Snow forms when the atmospheric temperature is at or below freezing. In certain conditions, it is even possible for snow to reach the ground when the ground temperature is 41 degrees Fahrenheit. Freezing atmospheric temperatures, combined with moisture in the air, forms snow crystals. Snow crystals exist in four forms: snowflakes, hoarfrost, graupel, and polycrystals.
- Snowflakes, which we are all familiar with, are clusters of ice crystals that fall from clouds. Their shape is dependent on the conditions in which they are formed and through which they fall.
- Hoarfrost is our name for ice crystals that form on small surfaces that are open to the air. When a surface’s temperature is lower than the frost point of the surrounding air, moisture transforms directly from vapor to solid, forming delicate laces of surficial ice.
- Graupel is the round, pellet-like snow that resembles a softer hail. When ice crystals fall through super-cooled cloud droplets (which remain liquid although they are below freezing temperatures), the droplets freeze to the crystals, forming a clump.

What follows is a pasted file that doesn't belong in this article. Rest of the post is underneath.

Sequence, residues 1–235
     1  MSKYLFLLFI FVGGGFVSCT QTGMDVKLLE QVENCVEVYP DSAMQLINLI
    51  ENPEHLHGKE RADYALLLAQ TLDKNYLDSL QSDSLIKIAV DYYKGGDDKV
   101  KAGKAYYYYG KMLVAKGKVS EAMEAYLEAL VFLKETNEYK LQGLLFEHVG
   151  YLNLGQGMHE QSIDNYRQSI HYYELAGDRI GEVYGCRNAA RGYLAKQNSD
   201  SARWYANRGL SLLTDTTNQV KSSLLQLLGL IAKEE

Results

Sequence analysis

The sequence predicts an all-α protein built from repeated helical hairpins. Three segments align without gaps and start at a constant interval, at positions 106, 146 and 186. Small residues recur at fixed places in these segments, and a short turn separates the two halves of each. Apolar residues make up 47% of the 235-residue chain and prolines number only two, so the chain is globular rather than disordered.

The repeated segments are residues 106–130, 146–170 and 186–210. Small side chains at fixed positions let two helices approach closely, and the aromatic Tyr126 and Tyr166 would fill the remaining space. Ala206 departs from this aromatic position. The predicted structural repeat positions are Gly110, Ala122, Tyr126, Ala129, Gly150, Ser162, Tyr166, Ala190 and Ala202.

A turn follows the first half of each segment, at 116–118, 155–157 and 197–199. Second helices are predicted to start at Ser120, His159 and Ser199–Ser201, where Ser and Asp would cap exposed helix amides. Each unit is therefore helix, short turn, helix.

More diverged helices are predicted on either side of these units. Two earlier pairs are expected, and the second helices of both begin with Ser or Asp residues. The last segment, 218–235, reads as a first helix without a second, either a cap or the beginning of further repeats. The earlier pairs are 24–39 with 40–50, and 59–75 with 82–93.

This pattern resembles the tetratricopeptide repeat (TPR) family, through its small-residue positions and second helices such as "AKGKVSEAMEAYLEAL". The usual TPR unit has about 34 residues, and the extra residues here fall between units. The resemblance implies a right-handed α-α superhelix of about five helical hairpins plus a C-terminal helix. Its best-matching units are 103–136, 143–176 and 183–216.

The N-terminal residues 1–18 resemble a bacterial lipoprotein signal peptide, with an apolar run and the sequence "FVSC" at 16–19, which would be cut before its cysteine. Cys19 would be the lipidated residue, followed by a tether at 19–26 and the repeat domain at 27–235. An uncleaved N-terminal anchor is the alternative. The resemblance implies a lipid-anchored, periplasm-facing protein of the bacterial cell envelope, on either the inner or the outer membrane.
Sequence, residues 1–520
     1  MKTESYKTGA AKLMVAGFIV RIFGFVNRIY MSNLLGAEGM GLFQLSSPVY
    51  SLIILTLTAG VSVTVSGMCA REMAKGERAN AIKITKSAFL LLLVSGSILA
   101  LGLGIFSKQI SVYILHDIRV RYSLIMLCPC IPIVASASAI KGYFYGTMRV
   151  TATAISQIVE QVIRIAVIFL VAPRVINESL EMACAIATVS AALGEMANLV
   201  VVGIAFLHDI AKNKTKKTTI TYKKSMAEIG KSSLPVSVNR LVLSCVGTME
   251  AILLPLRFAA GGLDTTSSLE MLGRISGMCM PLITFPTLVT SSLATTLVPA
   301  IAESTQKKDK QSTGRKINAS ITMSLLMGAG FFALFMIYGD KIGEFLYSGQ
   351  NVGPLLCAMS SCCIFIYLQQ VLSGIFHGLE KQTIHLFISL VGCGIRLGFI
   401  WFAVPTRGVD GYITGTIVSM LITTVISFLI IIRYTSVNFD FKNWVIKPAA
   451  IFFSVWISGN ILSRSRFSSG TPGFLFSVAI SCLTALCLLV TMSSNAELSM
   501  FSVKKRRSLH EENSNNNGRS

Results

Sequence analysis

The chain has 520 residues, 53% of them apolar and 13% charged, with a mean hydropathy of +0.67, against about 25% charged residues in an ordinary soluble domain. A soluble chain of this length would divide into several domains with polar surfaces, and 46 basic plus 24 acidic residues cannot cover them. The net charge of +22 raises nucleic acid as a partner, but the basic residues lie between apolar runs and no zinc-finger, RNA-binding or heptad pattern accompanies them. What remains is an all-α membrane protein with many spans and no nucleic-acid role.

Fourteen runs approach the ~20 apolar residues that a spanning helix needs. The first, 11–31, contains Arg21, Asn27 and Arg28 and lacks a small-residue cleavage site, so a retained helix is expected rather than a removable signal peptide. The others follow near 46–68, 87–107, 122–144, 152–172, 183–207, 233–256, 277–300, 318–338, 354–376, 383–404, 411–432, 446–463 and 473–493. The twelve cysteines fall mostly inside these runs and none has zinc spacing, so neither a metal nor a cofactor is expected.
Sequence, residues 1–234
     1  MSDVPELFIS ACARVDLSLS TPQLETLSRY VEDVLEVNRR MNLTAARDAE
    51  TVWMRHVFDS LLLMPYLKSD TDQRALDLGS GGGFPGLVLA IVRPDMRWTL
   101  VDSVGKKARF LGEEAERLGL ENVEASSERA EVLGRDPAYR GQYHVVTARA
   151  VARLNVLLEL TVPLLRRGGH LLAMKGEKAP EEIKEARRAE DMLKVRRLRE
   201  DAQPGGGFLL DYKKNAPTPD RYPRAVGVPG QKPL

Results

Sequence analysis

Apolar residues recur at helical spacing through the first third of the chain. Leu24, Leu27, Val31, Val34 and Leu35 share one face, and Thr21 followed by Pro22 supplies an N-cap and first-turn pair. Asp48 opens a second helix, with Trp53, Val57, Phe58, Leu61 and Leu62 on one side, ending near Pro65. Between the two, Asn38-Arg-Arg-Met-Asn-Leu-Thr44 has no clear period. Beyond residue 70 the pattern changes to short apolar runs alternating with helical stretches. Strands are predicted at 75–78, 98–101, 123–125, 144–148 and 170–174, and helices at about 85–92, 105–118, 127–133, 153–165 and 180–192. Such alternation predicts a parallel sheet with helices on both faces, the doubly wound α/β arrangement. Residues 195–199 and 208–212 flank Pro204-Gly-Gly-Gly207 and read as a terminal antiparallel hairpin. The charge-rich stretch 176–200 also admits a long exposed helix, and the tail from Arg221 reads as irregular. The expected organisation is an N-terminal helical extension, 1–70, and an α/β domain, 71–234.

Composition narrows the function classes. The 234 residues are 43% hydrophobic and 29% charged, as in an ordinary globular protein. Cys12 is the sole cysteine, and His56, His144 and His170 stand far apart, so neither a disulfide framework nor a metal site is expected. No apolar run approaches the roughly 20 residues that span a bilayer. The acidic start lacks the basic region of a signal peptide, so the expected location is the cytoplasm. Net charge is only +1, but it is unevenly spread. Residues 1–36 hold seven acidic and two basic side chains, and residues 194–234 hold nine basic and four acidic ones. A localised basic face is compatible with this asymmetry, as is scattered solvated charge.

- Polycrystals are flakes made up of many individual crystals.
By Matt Pierle
Cabin fever have you ready to see flowers again? If so, you’ve got options: Brazil and Bali are nice this time of year. Or seek out plants at a world-class botanical conservatory in, say, Montreal, London or San Francisco.
If you’re short on time or prefer shoestring travel though, you could do what I did over spring (technically late winter) break and book a $26 ticket on the Megabus from Burlington to Boston. From South Station Boston walk north to Chinatown, through Boston Common, past the frozen Frog Pond, to the Longfellow Bridge, over the Charles River to Cambridge and kick it up Broadway to Harvard Street. Continue north all the way to the Harvard Museum of Natural History.